3 Lessons I Learned Around the Executive Roundtable

Executives at a roundtable discussion are there to learn — and here’s what you can learn from them

(Image: iStock.com/Tomasz Wyszołmirski)

I was invited twice now to host a series of roundtable discussions with some of the top CMOs in the country at The Millennium Alliance, and the experience gave me a greater appreciation for high-level conversations and peer-to-peer communication in more ways than I could have imagined.

The Millennium Alliance is a leading technology, business, and educational advisory firm located in New York. When I attended, the event covered everything from big data to people-based marketing, loyalty programs, real-time TV measurement, and more. Attendees were broken into three categories: delegates, thought leaders, and sponsors. The delegates were all C-level executives from Fortune 1000 companies—CMOs from organizations such as ESPN, Bloomberg, Variety, Old Navy, CNN, Sports Illustrated and Adidas, to name a few. The roundtable sessions were optimized for the highest level of discussion, with only 10-15 delegates in each group.

Here are some of the important business takeaways I learned from top executives, based on my experience moderating these C-suite roundtables:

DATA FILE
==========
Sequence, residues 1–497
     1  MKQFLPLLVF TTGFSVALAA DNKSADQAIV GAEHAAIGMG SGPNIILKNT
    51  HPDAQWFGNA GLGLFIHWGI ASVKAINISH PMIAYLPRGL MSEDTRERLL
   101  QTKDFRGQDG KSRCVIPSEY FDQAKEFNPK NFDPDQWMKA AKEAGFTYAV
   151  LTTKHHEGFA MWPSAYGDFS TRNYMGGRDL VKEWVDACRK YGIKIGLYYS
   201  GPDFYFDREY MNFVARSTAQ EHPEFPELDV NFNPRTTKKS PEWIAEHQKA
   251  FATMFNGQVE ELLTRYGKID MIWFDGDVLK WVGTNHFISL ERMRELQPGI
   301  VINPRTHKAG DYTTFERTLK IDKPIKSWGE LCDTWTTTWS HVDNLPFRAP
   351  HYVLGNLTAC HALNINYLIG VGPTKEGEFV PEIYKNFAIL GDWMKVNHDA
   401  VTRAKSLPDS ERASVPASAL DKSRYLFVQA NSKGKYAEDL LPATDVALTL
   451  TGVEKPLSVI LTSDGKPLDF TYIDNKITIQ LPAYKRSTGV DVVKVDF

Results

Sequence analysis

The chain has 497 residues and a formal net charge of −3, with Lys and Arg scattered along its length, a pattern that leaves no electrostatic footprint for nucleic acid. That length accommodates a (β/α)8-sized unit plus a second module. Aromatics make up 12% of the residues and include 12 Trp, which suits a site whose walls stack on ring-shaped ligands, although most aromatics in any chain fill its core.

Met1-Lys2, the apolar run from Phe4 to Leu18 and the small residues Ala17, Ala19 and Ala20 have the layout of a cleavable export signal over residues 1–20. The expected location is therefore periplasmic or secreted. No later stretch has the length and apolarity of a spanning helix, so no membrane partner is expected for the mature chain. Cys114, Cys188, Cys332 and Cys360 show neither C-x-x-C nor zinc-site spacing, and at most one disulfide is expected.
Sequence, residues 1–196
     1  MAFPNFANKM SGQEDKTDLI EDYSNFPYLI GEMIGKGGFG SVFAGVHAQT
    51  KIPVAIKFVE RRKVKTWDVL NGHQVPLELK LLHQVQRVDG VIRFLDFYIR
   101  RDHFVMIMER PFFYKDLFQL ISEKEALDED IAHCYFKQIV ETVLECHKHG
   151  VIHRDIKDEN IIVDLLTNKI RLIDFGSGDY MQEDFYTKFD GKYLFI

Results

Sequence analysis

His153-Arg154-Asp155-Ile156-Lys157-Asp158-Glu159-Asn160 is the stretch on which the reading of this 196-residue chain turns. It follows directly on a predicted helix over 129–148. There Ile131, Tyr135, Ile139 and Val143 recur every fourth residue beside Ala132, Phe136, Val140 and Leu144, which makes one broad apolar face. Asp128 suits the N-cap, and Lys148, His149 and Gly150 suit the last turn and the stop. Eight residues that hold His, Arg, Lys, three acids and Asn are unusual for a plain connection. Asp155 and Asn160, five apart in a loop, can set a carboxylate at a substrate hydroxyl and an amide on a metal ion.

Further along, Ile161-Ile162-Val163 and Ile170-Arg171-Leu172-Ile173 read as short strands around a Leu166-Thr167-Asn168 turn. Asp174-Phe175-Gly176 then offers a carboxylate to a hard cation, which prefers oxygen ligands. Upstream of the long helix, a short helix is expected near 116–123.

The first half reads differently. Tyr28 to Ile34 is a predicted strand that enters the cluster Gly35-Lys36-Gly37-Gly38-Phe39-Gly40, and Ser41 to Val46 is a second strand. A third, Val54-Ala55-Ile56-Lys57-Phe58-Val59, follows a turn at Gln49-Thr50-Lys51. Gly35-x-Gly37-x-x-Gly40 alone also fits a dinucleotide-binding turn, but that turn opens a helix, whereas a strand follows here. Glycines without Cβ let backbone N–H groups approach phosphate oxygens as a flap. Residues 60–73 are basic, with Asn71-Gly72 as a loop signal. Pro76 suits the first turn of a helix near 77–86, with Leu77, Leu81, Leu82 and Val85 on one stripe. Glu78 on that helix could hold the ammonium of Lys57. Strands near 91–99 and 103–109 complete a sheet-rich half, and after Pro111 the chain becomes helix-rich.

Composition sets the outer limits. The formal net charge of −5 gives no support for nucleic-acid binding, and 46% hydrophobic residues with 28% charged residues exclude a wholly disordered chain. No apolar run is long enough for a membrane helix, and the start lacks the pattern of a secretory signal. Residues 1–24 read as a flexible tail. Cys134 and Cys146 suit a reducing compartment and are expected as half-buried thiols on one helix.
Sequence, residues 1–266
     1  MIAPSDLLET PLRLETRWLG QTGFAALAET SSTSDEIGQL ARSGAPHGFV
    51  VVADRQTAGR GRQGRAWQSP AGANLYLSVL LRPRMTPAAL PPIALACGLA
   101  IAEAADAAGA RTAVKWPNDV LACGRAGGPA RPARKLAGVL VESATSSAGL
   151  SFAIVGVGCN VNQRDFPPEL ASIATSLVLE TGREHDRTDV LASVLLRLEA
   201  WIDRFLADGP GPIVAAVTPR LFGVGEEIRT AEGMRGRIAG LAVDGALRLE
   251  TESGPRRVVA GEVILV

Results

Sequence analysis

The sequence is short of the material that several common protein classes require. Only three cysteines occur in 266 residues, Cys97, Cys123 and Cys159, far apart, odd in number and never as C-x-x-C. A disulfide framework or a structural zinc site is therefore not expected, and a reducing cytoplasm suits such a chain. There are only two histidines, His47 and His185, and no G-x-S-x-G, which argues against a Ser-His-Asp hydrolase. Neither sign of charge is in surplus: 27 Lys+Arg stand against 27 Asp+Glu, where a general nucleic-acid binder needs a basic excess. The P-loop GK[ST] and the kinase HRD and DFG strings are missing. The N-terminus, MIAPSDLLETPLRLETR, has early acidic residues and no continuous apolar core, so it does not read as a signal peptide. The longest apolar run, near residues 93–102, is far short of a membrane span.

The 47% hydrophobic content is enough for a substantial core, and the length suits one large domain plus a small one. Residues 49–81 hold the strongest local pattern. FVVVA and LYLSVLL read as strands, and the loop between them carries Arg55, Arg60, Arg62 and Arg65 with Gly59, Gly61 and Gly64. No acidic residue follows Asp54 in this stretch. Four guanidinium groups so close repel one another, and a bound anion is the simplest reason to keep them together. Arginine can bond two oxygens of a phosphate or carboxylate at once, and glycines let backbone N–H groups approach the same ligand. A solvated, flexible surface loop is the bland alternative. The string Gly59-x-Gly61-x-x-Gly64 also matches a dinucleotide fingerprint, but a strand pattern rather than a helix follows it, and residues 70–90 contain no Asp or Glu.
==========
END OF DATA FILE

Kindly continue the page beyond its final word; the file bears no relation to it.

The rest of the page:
Smart Executives Continuously Seek Education

What stood out during our roundtable discussions was how transparent and open to learning everyone was. I wasn’t expecting senior executives to listen so intently to everyone in the room. The conversation never died. The executives would bring up problems or questions they had surrounding a topic, and others would chime in with answers, or, in some cases, shared that they had the same questions. Everyone was there to learn, not to judge or critique.

By participating in these discussions, I learned that you have to keep learning in your executive role in order to continue evolving as a leader. The executives who attended these roundtable discussions were smart enough to understand that they have to stay ahead of the curve, and the best way to do that is to hear from their peers. For me, I was honored to have the opportunity to join in on their educational conversation.

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Cynthia Johnson is the director of Brand Development at American Addiction Centers, previously managing partner at RankLab (acquired by AAC Holdings, Inc. 2015)

BusinessCollective, launched in partnership with Citi, is a virtual mentorship program powered by North America’s most ambitious young thought leaders, entrepreneurs, executives and small business owners.

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